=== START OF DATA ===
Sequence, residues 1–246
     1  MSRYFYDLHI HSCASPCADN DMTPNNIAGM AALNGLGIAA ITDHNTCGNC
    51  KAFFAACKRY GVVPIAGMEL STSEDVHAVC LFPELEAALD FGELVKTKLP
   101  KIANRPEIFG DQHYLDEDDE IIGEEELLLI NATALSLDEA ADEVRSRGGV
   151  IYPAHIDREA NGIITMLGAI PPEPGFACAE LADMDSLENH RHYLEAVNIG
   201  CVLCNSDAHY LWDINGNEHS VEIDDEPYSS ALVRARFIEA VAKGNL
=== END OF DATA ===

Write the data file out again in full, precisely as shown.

Sequence, residues 1–246
     1  MSRYFYDLHI HSCASPCADN DMTPNNIAGM AALNGLGIAA ITDHNTCGNC
    51  KAFFAACKRY GVVPIAGMEL STSEDVHAVC LFPELEAALD FGELVKTKLP
   101  KIANRPEIFG DQHYLDEDDE IIGEEELLLI NATALSLDEA ADEVRSRGGV
   151  IYPAHIDREA NGIITMLGAI PPEPGFACAE LADMDSLENH RHYLEAVNIG
   201  CVLCNSDAHY LWDINGNEHS VEIDDEPYSS ALVRARFIEA VAKGNL